Twenty years ago, or going even further back, it was perhaps enough to be literate and have an interest in reading and writing to become a journalist. And becoming a journalist in those days usually meant joining a daily newspaper. Which is what I did after obtaining a B.Sc. degree — I became a trainee sub-editor with Mumbai's Mid Day in June 1981. Like many journalists of the era, I "learnt" on the job. Of course, it helped that my father was a journalist, with PTI, so I had been introduced to some of the principles of journalism at an early age. It also helped that, at Mid Day, I had some wonderful colleagues who were willing to teach me before thrusting editing and page-making responsibilities on me.
Today, journalism is much, much more competitive. Today, journalism is much, much tougher with newspapers and TV news channels and online news sites all engaged in a race for audiences and advertisers. The old-school-type of journalism will not work today. If you join the editorial staff of a newspaper or magazine or TV news channel, you will not have the luxury of friendly colleagues and seniors taking time out to teach you the ropes. You will be expected to pull your weight from Day One. How will you do that if you have not been taught the necessary skills, if you do not have the minimum qualifications expected of someone who wants to become a journalist? (Full disclosure: I teach journalism at a media college in Bangalore.)
|SENIOR JOURNALISTS TAKE ON JUSTICE KATJU. (ToI ARCHIVE)|
As V. Gangadhar writes in The Hindu today...
"Yes, learning on the job is fine, but how? A cub reporter assigned to cover a major event would not know how and where to begin or end. On the desk, can an untrained sub-editor cut a long story to its required length, provide subheads and give a suitable, catchy heading?"
Exactly. So why are so many old-school-type journalists annoyed with Justice Katju? I can't understand it. And neither can Gangadhar:
Will the journalists who made snide comments on the Katju remarks appoint young people without previous experience in their publications or channels?
Gangadhar makes one other point that I am wholly in agreement with:
[Journalism] schools must improve. Mumbai University granted affiliation to dozens upon dozens of BMM and BMS departments without caring to examine whether they had any kind of infrastructure, like library facilities, classrooms and qualified teachers. After a couple of years, the university, in its wisdom, abolished entrance tests and decided that applicants to these courses should be admitted on the strength of their standard 12 marks, completely ignoring the fact that the cramming habits [encouraged in] and inflated marks awarded by junior colleges are not enough to judge the different needs of a journalism course.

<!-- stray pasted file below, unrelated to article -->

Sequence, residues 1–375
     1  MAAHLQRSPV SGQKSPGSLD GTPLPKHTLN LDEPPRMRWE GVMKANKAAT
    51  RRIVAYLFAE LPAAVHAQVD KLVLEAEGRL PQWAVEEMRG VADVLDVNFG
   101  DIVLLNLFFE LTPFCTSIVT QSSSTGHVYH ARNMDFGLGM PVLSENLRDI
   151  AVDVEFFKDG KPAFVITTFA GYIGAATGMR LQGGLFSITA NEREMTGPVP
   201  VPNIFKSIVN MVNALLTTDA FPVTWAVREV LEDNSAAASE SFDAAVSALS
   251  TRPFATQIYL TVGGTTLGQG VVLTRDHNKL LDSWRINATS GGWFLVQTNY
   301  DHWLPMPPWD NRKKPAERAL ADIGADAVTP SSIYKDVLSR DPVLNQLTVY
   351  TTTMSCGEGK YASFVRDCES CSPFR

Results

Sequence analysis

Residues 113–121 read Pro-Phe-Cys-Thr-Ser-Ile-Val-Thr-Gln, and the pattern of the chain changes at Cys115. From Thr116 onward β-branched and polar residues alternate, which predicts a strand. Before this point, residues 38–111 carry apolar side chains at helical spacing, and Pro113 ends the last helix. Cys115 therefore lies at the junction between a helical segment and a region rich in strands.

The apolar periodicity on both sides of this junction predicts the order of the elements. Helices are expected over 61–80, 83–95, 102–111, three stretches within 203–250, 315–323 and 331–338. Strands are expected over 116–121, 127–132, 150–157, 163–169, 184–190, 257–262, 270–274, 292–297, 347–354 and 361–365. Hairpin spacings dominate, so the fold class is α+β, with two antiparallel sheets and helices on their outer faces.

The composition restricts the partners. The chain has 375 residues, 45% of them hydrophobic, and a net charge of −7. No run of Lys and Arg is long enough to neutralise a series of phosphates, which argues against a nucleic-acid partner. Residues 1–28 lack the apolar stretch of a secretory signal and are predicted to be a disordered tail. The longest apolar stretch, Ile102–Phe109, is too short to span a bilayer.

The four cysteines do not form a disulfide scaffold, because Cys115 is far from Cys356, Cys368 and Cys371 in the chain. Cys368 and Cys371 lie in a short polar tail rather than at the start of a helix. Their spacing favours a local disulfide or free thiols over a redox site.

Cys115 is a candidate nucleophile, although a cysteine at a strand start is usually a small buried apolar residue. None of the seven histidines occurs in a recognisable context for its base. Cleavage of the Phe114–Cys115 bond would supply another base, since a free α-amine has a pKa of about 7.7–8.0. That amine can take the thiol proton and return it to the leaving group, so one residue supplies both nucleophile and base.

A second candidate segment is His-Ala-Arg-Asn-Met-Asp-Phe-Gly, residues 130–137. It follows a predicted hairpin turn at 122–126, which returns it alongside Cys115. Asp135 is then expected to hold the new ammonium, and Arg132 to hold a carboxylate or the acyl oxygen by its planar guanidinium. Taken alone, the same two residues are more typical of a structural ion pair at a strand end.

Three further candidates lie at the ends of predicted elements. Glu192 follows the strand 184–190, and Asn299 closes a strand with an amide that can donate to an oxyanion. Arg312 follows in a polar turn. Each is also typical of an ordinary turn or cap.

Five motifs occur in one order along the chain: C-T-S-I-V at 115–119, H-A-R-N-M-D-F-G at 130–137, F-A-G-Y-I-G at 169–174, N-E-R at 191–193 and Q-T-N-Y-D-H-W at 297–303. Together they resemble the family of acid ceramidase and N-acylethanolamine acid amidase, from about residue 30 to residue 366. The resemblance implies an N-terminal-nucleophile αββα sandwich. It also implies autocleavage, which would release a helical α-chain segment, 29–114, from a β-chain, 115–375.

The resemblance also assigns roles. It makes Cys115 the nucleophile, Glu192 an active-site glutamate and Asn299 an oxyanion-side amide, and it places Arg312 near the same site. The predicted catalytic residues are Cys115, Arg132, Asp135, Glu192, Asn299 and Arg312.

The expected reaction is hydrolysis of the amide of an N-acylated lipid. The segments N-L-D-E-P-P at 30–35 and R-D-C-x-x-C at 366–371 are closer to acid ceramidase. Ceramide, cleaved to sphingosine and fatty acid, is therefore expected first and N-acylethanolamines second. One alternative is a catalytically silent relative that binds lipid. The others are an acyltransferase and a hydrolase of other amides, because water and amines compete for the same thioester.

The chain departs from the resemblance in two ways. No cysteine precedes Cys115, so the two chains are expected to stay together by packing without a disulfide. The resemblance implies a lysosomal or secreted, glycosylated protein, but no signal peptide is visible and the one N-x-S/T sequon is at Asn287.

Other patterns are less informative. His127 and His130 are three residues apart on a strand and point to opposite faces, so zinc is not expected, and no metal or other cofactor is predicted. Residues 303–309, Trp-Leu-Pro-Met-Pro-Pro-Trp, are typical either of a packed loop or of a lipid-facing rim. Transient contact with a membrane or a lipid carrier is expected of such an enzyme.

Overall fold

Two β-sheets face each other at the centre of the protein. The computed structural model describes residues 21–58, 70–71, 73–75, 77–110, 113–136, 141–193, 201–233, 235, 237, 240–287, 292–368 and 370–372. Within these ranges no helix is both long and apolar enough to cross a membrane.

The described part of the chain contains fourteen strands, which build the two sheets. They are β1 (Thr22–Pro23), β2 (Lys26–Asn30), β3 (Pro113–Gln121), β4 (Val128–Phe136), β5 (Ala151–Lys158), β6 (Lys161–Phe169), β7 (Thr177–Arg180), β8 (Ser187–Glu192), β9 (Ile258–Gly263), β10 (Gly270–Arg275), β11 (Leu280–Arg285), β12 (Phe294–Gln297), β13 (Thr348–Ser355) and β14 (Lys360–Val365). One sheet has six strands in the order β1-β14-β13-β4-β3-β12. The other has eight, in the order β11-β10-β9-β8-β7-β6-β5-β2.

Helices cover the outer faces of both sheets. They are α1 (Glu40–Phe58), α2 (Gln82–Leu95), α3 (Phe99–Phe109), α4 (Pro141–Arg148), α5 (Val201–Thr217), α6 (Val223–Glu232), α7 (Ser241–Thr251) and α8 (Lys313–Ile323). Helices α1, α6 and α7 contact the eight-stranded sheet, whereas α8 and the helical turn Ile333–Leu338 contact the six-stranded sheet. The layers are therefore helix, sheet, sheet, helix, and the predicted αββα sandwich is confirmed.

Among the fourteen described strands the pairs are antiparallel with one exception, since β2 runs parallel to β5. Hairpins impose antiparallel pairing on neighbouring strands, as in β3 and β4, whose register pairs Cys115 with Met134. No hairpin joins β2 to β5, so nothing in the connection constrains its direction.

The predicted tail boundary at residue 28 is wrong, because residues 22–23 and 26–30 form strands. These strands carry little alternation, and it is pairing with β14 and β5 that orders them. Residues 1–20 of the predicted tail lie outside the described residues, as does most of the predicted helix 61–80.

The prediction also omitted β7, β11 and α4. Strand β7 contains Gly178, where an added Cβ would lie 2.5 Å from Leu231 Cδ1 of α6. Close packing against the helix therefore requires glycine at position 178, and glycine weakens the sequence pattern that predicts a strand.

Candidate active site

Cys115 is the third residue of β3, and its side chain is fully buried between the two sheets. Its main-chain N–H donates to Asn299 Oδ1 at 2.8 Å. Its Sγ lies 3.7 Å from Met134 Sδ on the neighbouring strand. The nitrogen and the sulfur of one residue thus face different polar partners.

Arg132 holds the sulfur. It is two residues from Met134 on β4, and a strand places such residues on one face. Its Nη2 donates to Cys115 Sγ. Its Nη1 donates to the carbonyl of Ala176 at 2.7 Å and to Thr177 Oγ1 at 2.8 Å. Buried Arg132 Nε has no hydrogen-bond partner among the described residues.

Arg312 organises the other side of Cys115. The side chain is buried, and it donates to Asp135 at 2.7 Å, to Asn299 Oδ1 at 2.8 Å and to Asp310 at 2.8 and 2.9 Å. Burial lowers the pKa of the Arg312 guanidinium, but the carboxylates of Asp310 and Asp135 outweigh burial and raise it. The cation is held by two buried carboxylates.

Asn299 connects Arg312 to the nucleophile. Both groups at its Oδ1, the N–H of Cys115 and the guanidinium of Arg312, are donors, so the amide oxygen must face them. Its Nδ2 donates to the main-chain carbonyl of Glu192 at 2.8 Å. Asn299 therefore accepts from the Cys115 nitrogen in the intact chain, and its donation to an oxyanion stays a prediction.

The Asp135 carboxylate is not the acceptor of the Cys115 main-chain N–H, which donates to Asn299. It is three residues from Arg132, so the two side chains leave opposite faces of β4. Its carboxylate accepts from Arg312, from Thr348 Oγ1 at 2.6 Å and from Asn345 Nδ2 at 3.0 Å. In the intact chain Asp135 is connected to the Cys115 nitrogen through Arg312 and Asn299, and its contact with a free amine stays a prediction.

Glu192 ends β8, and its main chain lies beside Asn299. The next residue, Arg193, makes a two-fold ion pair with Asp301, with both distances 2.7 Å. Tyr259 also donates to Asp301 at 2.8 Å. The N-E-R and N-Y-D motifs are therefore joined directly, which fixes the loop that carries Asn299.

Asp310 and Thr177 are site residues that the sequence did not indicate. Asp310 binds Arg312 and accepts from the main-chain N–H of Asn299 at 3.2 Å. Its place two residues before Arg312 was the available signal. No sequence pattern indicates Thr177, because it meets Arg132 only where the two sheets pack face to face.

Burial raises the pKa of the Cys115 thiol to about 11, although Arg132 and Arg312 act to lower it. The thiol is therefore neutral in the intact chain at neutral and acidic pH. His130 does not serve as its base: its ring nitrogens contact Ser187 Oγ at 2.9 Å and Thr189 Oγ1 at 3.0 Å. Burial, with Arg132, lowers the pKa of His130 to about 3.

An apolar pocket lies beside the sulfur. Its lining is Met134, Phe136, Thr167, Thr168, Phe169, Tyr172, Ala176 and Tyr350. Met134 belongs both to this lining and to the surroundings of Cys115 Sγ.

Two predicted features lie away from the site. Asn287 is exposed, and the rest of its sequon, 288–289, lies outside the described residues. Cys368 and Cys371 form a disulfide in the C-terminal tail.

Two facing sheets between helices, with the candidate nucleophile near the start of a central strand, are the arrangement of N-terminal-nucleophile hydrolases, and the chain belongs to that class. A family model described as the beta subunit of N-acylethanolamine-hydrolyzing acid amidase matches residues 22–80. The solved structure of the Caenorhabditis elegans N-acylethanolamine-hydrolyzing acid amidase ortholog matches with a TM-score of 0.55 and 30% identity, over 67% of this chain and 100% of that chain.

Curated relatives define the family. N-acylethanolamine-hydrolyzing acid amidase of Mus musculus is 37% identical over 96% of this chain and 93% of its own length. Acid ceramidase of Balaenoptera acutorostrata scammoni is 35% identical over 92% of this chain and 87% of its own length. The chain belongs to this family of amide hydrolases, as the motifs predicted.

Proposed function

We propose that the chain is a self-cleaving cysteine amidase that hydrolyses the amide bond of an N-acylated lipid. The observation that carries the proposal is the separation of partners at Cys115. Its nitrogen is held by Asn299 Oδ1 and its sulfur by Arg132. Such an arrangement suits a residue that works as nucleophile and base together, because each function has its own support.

Read Gangadhar's enlightening column in its entirety here: "Indian journalism at ground zero".
- Senior journalist Bala Murali Krishna, who now works as a financial writer and blogger, commented via e-mail:
With the (needless) debate having been started, I would say this:
Do we need better educated, more knowledgeable, more independent and more ethical journalists?
The answer is a resounding yes.
Do we need a state-sponsored (or privately sponsored) organisation to specify educational qualifications for journalists or issue any form of certification?
The answer is a resounding no. Look at what we have done with Medical Council of India, which, in theory, should be far easier to regulate.
Also, is stipulation of minimum qualifications or certification the way to raise the quality of journalists?
Bala Murali Krishna
- Shagorika Easwar, who was my colleague at Khaleej Times, and who now runs two popular magazines (Desi News and Canada-Bound Immigrant) in Toronto, Canada, also commented via e-mail:
I concur! Totally! You know I learnt on the job, too, but then I had you to run to with doubts. It was also a slower, gentler pace when we didn't feel compelled to project a know-it-all attitude. It was okay to ask questions and have a senior journalist guide you. Unlike today, when the competition is so fierce that no one wants to risk saying they don't know something. In the process, they forget that they risk displaying their ignorance to a much larger audience. Case in point: Sunetra Choudhury reading the news on NDTV the other day described a meeting as "inclusive". The word she was looking for was inconclusive! But then there are journalism schools and then there are journalism schools. Also, to be fair, the onus is on the student to actually learn and benefit from what is being taught. I get e-mails and submissions from recent journalism grads with the most bizarre sentence construction and grammar.